RIP John Madden. He was the first to say, “Football is Life!” Actually, he said, “Football is my life. It’s something I say proudly. But, it’s complicated.”
Madden was a trailblazer. Whether it was playing, coaching, broadcasting, or … video gaming, he did it the Madden way.
Let’s look at each:
Playing – John Madden once said, “The road to Easy Street goes through the sewer.” That summed up his playing career and road to coaching.
Madden played one season at the College of San Mateo before being given a football scholarship to the University of Oregon. He never saw a down as a Duck. Madden was redshirted because of an injury and had a knee operation. He then played for Grays Harbor College in the fall of 1956, before transferring to Cal Poly in San Luis Obispo. At Cal Poly, Madden played both offense and defense winning all-conference honors at offensive tackle.
If you are keeping score . . . that’s four schools. Did Madden invent the transfer portal 60+ years ago? Madden was drafted in the 21st round by the Philadelphia Eagles. In his first training camp, he suffered an injury to his other knee. His professional career was over before playing a down.
Coaching – Madden shared, “A coach is just a guy whose best class in grammar school was recess and whose best class in high school was P.E. I never thought I was anything but a guy whose best class was P.E.”
Madden would begin his coaching career at the collegiate level. After stints at Allan Hancock College and San Diego State, Madden would take a job as linebackers coach for the Oakland Raiders. After two seasons, Al David made him the Raiders’ head coach in 1969. At age 32, John Madden became the youngest head coach in the history of the league. He took the Al Davis, “Win baby!” mantra to heart. Madden would win 103 regular-season games and one Super Bowl before retiring at age 42.
Broadcasting – Madden’s colorful delivery won him critical acclaim and 12 Emmy Awards for Outstanding Sports Event Analyst. The man had his own lexicon with words such as “Whap!”, “Bang!” and “Doink!”‘ Madden would work as a broadcaster for CBS, NBC, ABC, and FOX. His enthusiastic use of the telestrator helped to popularize technology in sports. At one point, Madden made more money as a broadcaster than any player in the NFL.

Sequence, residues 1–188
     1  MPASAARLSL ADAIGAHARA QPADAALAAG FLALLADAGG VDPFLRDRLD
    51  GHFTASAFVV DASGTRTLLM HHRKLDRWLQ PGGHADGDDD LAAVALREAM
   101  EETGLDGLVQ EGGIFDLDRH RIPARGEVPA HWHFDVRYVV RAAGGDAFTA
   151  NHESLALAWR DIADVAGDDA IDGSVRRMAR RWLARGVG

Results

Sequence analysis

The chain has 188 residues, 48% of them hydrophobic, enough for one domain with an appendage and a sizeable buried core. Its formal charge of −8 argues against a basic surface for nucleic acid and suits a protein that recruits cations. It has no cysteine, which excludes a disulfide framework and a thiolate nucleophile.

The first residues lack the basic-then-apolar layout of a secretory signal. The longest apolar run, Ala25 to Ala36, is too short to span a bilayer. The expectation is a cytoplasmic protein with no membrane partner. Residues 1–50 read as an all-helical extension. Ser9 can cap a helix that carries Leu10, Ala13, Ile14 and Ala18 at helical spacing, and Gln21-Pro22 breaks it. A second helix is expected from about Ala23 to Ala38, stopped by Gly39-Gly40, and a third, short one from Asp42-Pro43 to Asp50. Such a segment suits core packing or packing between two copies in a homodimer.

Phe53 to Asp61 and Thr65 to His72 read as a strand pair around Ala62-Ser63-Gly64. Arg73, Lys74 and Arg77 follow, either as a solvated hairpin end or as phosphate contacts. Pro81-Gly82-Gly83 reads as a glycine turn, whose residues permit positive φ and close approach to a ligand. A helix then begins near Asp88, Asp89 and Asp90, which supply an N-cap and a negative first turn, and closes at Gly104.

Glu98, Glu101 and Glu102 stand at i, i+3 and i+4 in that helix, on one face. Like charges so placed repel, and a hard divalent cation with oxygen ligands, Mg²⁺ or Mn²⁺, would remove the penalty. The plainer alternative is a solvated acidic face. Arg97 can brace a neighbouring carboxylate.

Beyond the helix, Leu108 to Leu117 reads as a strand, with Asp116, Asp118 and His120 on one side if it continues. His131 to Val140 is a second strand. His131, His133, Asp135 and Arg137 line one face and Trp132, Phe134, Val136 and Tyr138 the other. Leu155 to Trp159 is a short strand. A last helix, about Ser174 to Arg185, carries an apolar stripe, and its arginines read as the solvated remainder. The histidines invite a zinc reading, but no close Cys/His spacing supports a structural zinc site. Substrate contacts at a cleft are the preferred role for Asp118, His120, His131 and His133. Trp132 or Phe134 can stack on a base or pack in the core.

Video games – Beginning in 1998, Madden lent his voice, personality, and name to the Madden NFL series of football video games, published by Electronic Arts (EA). He would view the game as an educational tool. My teenage boys don’t know Madden as the famed coach and broadcaster, they know him as the game only.
What I personally love about Madden was how he embraced his flaws. Whether it was being afraid of flying or making up words like turducken, those idiosyncrasies were the things that made him uniquely special. He never apologized for who he was and never professed to be perfect. We should all be a little more like Madden.
Stan Phelps walks the walk. He stands out in the sea of sameness by modeling his own Differentiated Experience (DX) message: Differentiation isn’t just about what you say, it’s about what you do and, more importantly, how and why you do it. Stan leverages his unique collection of 5,000+ case studies on customer, employee, and brand experience to engage audiences with informative learning-based experiences. He believes purposeful DX wins the hearts of employees and customers, and differentiation ultimately boosts loyalty, retention, referrals, and results.
Find Stan’s in-person and virtual keynotes, workshops, and Goldfish tank programs at StanPhelps.com.